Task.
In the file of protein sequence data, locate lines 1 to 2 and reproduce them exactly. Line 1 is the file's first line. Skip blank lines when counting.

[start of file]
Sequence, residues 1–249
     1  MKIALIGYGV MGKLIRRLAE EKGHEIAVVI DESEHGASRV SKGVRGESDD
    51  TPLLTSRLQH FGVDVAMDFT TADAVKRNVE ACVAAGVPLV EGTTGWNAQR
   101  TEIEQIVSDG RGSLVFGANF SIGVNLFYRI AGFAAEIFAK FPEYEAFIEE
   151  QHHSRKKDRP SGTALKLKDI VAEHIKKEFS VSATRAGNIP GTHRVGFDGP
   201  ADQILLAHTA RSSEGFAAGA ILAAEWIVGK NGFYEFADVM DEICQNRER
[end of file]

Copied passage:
Sequence, residues 1–249
     1  MKIALIGYGV MGKLIRRLAE EKGHEIAVVI DESEHGASRV SKGVRGESDD